NRG Energy (NYSE: NRG) is an independent power producer with generation operations in three countries. The company engages in the ownership, development, construction and operation of power generation facilities; the trading fuel and transportation services; trading of energy related products; and the supply of electricity to retail electricity customers in deregulated markets through its retail subsidiaries Reliant Energy and Green Mountain Energy. A majority of the company's revenues come from North America. As an energy producer, the company's earnings are susceptible to commodity prices and electricity demand.
The company earned $477 million on 2010 revenues of $8.84 billion, compared to $942 million on 2009 revenues of $8.95 billion. Contributing factors to the decline in net income are the sustained drop in natural gas prices and overall electricity demand. Also as a result of low gas prices, some of NRG's hedging positions that have hurt margins. NRG has acquired several companies in the renewable energy industry, which have the potential providing sources of future growth and of diversifying operations away from natural gas dependence.
NRG Energy's operations benefit from low, stable fuel prices (coal, oil, natural gas, nuclear fuel). Because NRG's power station portfolio possess a fleet of diverse fuel sources, price fluctuations in one of any of the above fuels affects NRG operating costs. Some specific trends to track include rising coal prices, and rising oil prices.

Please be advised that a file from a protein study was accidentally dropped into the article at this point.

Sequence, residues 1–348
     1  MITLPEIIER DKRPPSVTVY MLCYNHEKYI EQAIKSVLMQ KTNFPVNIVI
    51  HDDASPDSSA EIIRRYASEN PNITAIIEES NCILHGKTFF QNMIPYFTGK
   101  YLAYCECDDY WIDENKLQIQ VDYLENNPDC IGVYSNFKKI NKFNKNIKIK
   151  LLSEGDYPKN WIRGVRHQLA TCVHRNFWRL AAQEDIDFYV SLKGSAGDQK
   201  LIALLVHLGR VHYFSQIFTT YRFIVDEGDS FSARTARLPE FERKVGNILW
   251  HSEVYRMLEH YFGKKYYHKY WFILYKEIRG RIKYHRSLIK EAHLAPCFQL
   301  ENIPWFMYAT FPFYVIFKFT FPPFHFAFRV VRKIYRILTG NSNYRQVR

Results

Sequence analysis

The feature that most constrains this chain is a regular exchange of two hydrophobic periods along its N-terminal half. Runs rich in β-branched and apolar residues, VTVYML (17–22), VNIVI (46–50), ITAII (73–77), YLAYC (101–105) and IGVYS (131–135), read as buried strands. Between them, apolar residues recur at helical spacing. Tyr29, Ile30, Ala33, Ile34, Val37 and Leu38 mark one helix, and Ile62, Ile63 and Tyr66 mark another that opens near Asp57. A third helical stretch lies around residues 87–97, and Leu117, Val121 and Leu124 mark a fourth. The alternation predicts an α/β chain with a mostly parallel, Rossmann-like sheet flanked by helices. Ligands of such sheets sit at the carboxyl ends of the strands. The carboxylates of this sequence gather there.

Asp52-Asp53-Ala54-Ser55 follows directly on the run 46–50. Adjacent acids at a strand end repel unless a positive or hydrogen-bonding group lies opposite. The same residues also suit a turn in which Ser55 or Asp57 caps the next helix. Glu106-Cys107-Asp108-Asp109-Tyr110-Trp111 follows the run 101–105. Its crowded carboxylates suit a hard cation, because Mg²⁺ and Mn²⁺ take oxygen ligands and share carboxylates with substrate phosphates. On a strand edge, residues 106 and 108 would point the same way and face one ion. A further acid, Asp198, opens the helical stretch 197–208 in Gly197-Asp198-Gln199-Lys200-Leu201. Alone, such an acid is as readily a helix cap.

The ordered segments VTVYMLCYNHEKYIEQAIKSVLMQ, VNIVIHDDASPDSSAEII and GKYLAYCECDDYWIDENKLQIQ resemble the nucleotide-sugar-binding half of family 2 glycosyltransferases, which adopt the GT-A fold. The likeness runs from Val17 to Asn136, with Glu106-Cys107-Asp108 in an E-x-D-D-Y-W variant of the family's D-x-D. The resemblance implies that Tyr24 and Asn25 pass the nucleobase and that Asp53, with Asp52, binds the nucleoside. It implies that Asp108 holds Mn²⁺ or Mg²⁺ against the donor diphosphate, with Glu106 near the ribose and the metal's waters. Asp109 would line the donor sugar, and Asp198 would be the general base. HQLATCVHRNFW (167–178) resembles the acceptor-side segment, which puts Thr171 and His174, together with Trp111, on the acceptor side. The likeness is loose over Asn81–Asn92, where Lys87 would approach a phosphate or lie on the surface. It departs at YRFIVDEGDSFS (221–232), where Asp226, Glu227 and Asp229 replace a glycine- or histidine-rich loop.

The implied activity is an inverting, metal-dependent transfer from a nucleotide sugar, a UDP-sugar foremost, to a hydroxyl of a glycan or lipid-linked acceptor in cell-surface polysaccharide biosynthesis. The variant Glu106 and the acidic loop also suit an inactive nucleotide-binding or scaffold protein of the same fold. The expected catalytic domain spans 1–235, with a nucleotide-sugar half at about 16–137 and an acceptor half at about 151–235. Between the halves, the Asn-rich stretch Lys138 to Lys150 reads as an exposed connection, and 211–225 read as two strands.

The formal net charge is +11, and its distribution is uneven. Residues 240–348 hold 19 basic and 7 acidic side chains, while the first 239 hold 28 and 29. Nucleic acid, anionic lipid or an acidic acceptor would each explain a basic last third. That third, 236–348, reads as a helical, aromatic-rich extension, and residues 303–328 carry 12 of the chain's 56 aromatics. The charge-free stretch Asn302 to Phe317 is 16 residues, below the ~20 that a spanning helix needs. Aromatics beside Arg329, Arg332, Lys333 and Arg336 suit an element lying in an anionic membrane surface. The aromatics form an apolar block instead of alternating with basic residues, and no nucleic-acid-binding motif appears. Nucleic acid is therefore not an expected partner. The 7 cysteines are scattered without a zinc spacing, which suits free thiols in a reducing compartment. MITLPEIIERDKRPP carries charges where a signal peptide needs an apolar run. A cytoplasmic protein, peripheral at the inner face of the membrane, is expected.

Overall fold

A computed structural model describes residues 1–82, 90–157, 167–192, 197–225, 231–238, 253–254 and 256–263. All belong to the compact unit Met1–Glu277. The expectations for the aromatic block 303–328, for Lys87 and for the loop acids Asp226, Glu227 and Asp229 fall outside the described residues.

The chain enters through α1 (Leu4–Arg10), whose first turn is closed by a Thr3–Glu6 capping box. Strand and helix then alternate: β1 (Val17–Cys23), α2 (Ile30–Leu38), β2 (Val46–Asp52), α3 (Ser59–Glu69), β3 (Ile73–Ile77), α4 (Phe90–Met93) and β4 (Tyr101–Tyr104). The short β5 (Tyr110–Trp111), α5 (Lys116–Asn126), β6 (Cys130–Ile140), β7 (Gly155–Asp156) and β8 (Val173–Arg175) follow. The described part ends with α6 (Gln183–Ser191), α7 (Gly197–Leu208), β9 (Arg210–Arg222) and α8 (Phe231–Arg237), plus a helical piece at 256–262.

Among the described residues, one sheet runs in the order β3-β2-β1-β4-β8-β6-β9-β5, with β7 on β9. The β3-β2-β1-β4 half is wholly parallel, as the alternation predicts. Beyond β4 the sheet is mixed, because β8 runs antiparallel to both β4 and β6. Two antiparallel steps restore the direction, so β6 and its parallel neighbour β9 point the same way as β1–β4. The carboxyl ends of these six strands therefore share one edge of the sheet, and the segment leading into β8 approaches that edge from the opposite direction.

To offset volatile natural gas prices and declines in electricity demand, NRG has several hedge positions on commodity prices. When commodity prices fell rapidly in 2008, NRG reported record earnings partially as a result of their hedges. However, these hedges have the potential of straining cash flows when commodity prices remain stable at historical lows.
Base rates on long-term electricity sales contracts directly impact NRG Energy's revenue. The company's ability to maximize sale prices on contracts especially in California, Texas, and New England depends on local government demand and negotiation for the company's electricity. NRG's competitiveness in these areas of high population density rests in its ability to sustain efficient, consistent operations relative to other area electric utilities.
Additionally, environmental restrictions affect several aspects of NRG's (and the rest of the industry's) operations. Regulation on coal, oil, and natural gas production and sales raises fuel prices.Carbon emission regulation raises NRG's operating costs by forcing expenditures to clean up fossil fuel emissions from coal and oil-based power stations.
Since NRG is a utility, the company has little competition. Utilities are typically monopolies that are regulated to ensure they are charging fair prices. Income comes from the utility company's contractual sales agreements with local and state governments. NRG competes with the following companies for contracts: